So now you’re stealing it back?
IW: Yeah. These are my characters, I’m taking them back, this is what they’re doing now – you can speculate all you want but this is actually what’s happened to them (laughs). The lovely thing about it is, this book has had fantastic reviews everywhere. But the only two papers that have been absolutely really, really hostile have been the two Edinburgh papers – The Scotsman and Scotland On Sunday. They’ve been incandescent. It’s been so brilliant the way they’ve reacted. It’s been fantastic. It’s been, ‘Methinks the lady doth protest too much’ type of hostility. The reviews have been terrible. And I love it. I fucking love it!
So you’re not too bothered about what The Scotsman says?
IW: I live in absolute fear and terror of the day that I get a good review in The Scotsman or Scotland On Sunday. It’s real grist to the mill – especially because everybody else has been giving it such great reviews.
You’ve never really had great press in Scotland though, have you?
IW: No – and not just for the writing. I did this thing on the radio about Edinburgh, about how it’s like this fucking museum, and they’ve exiled everybody out to the estates, and the festival’s too expensive, it’s a rip-off – they suck up the arses of tourists and treat all the locals like shite – and just all the usual things that everybody knows about the place. But I said this on national radio and got all these editorials in the Evening News – how dare you do this or say this about Edinburgh?! There was fucking outrage. I mean, you’ve been through all this yourself ...
Yeah, but you’ve got a lot more money than I have, so you can just fuck off on a plane rather than have to stick around to face the music!
IW: Yeah – you’ve gotta hide at home with a fucking baseball bat (laughs). But no matter how much you anticipate the controversy, you still think to yourself, ‘I’m using such broad strokes here to make my point, surely they’re not actually gonna fall for it?’ With that kind of fucking vehemence! But they do! And they come in so fucking nastily.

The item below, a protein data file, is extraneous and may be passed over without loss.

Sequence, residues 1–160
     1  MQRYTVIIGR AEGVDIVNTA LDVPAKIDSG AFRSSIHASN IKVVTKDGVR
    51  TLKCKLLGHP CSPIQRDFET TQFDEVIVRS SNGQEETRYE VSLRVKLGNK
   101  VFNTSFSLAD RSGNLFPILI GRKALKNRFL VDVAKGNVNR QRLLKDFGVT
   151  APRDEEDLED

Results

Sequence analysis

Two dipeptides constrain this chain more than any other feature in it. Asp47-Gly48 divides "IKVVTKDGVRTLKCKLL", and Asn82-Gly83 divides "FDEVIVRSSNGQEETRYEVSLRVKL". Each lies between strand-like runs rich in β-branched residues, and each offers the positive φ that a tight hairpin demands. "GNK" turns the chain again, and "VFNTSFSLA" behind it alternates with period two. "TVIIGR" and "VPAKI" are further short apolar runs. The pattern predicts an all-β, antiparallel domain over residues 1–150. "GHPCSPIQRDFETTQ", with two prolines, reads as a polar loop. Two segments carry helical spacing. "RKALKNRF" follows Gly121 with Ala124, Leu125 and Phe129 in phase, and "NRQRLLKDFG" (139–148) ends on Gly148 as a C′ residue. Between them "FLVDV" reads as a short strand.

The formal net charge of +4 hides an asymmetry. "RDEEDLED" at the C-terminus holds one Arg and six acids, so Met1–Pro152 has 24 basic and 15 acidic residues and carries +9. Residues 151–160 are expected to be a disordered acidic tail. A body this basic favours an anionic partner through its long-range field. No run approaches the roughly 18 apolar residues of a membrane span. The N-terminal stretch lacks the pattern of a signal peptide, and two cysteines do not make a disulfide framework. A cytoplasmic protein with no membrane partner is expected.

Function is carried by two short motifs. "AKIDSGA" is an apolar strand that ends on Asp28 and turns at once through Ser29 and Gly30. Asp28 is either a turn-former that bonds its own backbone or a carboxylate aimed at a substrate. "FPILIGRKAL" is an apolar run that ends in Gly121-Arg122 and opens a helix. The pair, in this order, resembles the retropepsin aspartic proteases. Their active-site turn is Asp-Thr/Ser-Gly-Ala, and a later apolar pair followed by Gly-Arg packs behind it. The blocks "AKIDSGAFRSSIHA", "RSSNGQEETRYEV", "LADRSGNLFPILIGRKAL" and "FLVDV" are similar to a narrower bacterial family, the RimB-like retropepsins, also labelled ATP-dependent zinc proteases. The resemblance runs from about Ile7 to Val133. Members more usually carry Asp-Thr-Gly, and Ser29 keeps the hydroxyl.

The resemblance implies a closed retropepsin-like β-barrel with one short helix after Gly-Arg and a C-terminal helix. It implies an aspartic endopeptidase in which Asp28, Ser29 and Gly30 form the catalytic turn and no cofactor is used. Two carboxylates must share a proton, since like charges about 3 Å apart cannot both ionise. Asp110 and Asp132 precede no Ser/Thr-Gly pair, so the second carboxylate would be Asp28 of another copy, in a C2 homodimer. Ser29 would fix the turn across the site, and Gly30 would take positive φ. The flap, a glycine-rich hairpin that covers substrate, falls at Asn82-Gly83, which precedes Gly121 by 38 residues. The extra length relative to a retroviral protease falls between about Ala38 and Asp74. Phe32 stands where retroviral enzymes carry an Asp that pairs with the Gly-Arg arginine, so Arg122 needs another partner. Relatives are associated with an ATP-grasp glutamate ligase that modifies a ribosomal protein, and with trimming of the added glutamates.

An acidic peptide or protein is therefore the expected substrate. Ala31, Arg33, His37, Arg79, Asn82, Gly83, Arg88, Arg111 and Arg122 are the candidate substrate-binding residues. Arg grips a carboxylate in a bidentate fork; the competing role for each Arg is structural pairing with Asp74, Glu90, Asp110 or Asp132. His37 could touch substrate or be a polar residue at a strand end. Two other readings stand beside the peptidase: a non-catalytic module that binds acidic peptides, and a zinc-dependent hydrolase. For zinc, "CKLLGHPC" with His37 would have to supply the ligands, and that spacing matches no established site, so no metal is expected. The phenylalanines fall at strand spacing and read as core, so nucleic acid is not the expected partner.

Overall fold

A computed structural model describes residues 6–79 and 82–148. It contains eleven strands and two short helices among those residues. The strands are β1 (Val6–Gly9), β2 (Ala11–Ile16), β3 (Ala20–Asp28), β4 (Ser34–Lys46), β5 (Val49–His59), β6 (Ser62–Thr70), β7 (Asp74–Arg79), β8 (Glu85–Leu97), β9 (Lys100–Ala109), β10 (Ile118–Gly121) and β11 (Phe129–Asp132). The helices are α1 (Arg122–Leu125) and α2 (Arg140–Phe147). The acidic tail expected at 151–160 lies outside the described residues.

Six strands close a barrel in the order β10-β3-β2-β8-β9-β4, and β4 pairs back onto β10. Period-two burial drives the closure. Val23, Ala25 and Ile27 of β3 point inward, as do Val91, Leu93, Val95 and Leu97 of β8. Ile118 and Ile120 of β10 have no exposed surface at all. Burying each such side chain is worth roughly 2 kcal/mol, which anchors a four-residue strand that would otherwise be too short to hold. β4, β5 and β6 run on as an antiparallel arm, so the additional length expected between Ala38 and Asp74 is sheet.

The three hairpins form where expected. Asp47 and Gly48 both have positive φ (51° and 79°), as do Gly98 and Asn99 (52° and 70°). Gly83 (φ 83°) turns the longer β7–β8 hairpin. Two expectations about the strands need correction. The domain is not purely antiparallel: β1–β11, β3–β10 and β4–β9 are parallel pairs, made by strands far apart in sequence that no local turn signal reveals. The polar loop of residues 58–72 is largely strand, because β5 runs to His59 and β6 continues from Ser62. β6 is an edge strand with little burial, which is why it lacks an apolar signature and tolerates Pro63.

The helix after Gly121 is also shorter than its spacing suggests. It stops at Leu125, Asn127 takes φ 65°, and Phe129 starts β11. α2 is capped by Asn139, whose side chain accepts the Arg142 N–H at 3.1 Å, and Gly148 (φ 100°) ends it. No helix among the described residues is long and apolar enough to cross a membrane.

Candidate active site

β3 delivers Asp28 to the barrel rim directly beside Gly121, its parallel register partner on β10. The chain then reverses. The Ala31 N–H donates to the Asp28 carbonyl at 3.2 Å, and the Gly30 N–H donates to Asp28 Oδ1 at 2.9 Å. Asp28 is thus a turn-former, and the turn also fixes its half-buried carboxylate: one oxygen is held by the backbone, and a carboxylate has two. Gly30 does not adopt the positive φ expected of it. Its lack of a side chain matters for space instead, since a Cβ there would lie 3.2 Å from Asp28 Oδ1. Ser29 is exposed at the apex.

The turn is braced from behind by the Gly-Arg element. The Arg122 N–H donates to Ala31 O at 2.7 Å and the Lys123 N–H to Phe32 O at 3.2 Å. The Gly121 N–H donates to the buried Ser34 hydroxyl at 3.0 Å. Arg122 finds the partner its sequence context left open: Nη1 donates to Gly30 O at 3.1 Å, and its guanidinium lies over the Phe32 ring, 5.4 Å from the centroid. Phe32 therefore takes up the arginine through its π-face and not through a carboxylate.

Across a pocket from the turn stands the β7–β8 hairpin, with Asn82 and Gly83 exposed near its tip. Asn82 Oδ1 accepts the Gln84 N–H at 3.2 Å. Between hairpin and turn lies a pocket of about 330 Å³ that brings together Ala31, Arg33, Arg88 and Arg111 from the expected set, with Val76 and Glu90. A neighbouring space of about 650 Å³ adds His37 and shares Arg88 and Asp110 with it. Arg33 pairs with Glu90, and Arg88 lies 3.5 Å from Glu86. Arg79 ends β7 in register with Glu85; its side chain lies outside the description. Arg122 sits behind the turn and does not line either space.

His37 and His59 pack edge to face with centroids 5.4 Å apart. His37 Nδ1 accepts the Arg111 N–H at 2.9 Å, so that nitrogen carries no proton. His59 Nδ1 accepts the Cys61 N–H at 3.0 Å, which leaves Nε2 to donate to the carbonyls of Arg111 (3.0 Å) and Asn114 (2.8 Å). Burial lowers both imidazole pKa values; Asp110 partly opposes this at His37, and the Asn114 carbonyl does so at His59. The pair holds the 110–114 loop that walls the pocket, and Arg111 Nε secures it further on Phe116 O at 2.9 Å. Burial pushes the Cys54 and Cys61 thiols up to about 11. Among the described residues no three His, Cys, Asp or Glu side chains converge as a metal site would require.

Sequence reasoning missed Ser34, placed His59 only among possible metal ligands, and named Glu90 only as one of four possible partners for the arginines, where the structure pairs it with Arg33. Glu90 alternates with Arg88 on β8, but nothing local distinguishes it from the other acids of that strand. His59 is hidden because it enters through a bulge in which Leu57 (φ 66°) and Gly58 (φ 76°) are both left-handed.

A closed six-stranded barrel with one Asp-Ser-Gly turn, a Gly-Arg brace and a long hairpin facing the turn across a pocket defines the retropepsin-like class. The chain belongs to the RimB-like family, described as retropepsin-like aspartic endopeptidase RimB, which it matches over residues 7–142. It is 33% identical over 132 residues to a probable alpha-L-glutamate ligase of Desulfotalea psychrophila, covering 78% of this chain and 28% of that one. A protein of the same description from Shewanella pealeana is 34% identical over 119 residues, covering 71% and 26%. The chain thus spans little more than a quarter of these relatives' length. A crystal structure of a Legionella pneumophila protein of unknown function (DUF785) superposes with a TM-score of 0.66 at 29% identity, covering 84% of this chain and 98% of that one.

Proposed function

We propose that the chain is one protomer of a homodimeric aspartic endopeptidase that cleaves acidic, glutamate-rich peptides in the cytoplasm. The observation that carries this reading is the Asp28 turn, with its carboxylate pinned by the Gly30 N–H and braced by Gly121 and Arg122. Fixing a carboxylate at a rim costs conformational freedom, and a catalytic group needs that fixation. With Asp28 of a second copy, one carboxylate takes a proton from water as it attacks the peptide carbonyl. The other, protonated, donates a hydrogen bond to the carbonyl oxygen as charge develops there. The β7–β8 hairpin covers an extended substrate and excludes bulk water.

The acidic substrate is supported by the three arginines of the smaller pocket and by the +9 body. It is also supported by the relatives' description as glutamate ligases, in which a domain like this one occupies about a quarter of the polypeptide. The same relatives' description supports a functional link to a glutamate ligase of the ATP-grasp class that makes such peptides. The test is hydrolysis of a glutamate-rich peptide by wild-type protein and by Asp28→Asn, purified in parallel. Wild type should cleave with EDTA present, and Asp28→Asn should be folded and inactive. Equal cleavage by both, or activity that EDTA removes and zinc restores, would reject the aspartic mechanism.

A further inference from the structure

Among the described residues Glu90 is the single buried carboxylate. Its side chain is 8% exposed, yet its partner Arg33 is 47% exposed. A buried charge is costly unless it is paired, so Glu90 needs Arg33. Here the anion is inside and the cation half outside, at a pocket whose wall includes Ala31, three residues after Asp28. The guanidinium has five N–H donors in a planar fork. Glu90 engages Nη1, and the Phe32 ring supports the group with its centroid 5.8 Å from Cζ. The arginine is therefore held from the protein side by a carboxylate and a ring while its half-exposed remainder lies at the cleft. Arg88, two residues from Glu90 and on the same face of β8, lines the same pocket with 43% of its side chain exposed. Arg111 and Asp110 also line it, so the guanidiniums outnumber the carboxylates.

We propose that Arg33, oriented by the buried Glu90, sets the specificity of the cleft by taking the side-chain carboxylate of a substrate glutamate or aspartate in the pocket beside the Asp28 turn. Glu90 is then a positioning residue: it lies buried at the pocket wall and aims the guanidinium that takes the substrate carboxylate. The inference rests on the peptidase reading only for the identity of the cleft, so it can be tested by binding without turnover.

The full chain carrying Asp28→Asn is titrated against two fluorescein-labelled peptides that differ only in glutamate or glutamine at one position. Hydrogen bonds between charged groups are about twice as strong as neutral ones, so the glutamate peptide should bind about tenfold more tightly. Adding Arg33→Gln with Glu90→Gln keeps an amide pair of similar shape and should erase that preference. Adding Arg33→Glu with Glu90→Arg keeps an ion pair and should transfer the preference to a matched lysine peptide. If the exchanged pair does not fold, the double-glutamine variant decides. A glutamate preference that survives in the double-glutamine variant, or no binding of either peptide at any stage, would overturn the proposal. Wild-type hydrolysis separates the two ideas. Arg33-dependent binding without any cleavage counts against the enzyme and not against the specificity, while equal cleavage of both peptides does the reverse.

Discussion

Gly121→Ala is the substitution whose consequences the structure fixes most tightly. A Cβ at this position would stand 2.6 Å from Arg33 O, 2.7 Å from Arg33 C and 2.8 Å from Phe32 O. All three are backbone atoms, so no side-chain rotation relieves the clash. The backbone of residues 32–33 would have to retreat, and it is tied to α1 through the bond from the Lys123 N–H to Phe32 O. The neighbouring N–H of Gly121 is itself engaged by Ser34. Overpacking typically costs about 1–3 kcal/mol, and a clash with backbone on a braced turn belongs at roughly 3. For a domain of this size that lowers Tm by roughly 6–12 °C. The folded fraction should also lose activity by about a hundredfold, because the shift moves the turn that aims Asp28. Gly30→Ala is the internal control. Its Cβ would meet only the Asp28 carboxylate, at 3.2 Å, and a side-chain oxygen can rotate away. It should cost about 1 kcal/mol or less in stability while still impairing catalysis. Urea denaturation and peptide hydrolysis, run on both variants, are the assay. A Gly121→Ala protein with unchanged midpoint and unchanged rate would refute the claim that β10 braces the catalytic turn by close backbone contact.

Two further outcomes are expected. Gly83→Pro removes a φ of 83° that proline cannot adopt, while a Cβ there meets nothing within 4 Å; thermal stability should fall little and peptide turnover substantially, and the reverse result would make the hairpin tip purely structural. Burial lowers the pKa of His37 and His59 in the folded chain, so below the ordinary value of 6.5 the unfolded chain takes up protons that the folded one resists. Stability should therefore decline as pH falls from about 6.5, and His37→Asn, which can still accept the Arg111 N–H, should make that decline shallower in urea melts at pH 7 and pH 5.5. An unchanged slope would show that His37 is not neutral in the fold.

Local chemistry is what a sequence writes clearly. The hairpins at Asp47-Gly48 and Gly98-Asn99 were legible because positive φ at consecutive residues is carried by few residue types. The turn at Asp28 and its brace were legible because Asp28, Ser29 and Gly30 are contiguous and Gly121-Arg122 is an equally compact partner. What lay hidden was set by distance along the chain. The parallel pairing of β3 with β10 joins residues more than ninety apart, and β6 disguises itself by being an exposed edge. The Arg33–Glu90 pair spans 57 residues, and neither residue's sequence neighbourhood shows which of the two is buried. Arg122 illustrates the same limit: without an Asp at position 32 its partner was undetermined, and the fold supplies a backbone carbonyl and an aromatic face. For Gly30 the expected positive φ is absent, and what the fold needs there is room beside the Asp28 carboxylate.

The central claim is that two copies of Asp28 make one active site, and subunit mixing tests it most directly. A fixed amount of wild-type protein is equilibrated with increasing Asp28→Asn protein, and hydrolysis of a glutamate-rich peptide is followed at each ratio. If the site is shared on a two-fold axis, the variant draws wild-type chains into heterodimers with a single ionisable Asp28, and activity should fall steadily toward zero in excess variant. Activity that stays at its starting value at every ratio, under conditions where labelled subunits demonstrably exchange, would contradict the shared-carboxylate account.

Is that the reason you mostly live in London?
IW: Ha, ha (laughs). But the thing is, nobody I know reads The Scotsman or Scotland On Sunday. They do read the Evening News, but they read it for the football – the Hibs and Hearts – and the cartoons. The rest of it they don’t pay a blind bit of notice to. So it’s not that kind of thing of people going, ‘The paper says you’re a cunt so we hate you too!’ It isn’t that. It’s more (snorts loudly), ‘The Evening News – fuck that!’ So it’s basically one or two journalists who drink in their own little bar and don’t have much contact with the rest of the city who’re behind it.
It’s not just journalists though. Didn’t a fellow Scottish writer verbally attack you at a literary festival recently?
IW: That was at last year’s Edinburgh festival. There were two of them that went on the attack, I think.
What were their names again?
IW: I can’t even remember myself now (laughs). I don’t think they’ve ever really written anything. It’s usually these academics that’ve written a couple of poems in their spare time, they’ve blagged a grant from the Arts Council to go to fucking Latvia or somewhere, and then they start claiming to represent Scottish writing. That tends to be the kind of mediocrity that the so-called quality literary press in Scotland champion basically.